ZM: Working with Obie has been such a growth–like a leap–in every way. That’s why we called this record Shed the Skin. It’s all about letting go of what I think I know, what I think I believe, what I think is the right answer. Like I told you, I’m a really rebellious person. So any time he would tell me things it was just in my nature to be like, ”Why is he trying to change me?” And he wasn’t trying to change me. And when I finally realized that and that lightbulb went off, I just grew as a songwriter and a singer so immensely. A great process…
It’s been a weird kind of emotional growing process since January since we started the project…Because there was so much of me letting go of some of the thoughts that I had. I think when he was realizing that I was doing that, he was putting more and more of his energy into it. You know? I think working with him as a producer has been one of the greatest experiences I’ve ever had. He’s always been a friend, but at the same time he didn’t let that stand in the way. He knew what I wanted, and he was gonna give it to me whether I wanted it or not, whether my emotions could handle it or not. He’s like, this is the way it is and either you can handle it or you can’t. And I appreciate that. I don’t want to be treated with kid gloves; I don’t want to be treated like a girl. I want tough love kind of stuff. I need that, and that’s definitely been the case. It’s good. He’s not a yes-man. I don’t want that.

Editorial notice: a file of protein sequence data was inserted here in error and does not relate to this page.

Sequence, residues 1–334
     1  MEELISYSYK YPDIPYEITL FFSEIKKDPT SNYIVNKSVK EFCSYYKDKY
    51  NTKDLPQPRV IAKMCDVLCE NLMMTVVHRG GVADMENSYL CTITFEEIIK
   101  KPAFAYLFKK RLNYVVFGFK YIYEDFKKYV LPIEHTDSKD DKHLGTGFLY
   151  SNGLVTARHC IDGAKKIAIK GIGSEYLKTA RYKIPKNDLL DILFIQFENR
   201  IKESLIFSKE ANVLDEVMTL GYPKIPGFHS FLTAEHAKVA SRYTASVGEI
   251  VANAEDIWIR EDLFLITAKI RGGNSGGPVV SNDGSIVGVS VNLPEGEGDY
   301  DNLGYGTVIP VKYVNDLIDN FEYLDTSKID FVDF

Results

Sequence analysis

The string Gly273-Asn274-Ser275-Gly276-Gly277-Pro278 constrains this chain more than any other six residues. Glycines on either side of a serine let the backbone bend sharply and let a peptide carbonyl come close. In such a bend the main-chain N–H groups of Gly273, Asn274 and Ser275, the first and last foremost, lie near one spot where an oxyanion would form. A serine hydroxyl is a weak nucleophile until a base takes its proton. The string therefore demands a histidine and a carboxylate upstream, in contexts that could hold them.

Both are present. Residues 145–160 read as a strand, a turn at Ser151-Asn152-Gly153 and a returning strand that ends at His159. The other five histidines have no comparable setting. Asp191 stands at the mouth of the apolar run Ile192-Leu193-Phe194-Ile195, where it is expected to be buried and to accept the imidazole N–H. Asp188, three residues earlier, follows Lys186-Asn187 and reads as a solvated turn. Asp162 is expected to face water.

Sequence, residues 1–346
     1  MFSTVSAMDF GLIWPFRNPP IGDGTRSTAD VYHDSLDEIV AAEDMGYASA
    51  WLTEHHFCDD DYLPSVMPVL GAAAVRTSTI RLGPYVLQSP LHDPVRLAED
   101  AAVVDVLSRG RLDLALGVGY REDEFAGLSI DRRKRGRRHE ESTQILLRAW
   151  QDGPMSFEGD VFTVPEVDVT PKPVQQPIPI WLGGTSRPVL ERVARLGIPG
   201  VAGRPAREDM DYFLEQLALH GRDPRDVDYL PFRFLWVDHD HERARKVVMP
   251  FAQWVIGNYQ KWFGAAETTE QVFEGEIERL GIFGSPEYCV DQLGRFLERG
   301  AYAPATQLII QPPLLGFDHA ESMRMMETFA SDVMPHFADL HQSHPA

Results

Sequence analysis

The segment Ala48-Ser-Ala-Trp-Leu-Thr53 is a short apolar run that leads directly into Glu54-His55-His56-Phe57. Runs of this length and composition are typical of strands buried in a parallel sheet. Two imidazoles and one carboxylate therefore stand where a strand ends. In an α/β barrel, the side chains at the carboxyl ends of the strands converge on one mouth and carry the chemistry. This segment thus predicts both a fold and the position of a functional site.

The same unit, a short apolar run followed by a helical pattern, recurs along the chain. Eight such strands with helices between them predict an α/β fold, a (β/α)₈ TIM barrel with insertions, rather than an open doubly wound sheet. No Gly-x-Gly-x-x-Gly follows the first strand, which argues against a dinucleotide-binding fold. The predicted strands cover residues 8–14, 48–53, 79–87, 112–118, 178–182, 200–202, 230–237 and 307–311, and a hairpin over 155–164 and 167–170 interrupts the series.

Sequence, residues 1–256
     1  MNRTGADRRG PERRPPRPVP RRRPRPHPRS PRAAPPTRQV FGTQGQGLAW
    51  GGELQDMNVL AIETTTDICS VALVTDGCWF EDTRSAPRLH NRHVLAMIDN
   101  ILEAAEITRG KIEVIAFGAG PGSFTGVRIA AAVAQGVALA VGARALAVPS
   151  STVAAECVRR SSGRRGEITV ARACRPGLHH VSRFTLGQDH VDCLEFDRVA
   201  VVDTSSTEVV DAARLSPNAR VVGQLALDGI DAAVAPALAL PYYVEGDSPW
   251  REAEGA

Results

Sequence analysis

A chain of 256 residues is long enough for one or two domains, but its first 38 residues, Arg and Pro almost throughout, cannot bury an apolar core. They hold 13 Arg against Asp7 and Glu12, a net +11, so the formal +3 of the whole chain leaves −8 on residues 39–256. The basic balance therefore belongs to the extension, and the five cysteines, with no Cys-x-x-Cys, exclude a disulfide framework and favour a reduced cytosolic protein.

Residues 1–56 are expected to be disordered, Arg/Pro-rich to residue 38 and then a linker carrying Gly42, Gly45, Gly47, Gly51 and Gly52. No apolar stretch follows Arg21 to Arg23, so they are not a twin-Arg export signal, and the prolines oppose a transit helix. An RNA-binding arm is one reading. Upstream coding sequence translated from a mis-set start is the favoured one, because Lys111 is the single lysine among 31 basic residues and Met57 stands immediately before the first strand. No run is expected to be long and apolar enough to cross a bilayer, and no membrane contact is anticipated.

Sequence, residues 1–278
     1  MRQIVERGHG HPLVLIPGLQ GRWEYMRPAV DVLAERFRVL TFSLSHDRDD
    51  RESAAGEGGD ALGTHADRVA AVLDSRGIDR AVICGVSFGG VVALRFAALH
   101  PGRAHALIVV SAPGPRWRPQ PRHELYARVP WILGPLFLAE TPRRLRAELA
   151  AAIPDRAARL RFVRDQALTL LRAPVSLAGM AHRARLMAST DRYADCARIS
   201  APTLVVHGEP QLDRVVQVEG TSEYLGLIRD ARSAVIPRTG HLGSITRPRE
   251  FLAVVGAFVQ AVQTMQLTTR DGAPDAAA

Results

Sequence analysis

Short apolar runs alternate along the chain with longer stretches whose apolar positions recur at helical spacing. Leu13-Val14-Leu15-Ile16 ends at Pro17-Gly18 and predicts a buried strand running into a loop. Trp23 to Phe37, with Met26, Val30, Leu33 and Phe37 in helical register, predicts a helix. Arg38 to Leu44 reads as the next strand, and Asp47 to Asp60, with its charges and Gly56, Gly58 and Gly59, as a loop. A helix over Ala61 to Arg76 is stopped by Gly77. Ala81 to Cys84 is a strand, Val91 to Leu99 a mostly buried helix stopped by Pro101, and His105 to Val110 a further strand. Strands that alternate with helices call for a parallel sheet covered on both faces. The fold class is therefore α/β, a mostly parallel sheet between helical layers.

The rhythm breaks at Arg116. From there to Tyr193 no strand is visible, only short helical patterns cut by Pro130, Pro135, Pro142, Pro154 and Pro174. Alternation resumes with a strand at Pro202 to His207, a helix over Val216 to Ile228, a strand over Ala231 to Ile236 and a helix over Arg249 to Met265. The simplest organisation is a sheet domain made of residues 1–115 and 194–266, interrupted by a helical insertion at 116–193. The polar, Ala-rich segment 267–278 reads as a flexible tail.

I really want to be growing as an artist always. I don’t want to stagnate. Say I reach the hugest level that I want to reach, like success [at] the market level. That’s great, but I always want to grow as an artist. It’s like a high but in a good way…like falling in love over and over and over again. Learning new things that you want to learn. Know what I’m saying?
I’ve always learned the most things from people in the arts. Like my singing teacher. I learned a lot from her you know? Life changing things. I remember one of the first things she told me to do was read The Ugly Duckling. I read it and I wondered why she had me read that. Not the brightest I was. But she was like, “Because as an artist that’s what you are. You don’t know you’re a swan.” I remember that day I talked to her about feeling like an odd person my whole life. I’m like, “How about that? I’m normal! How refreshing.” I learn from people. And I grow so much around those types of people.